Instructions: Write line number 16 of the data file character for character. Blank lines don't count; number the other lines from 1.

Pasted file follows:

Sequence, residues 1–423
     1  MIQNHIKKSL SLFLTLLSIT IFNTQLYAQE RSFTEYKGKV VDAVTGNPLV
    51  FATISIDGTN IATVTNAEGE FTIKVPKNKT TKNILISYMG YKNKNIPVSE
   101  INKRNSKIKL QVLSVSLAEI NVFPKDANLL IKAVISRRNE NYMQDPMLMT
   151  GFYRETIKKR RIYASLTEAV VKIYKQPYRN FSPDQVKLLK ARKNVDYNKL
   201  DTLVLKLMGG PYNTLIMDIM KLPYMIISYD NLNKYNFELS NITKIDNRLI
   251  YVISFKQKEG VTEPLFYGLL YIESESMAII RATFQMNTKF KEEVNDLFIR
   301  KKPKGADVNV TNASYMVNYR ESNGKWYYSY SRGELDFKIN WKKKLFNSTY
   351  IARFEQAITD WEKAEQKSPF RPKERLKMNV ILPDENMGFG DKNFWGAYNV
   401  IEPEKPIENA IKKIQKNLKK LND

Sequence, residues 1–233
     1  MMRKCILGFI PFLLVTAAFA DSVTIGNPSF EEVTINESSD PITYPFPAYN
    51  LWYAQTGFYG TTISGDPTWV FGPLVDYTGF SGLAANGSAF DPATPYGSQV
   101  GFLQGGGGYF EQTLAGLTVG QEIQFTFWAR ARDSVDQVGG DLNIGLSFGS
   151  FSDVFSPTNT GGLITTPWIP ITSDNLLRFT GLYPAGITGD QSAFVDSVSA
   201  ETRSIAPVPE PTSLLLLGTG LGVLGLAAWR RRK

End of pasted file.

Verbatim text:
   201  ETRSIAPVPE PTSLLLLGTG LGVLGLAAWR RRK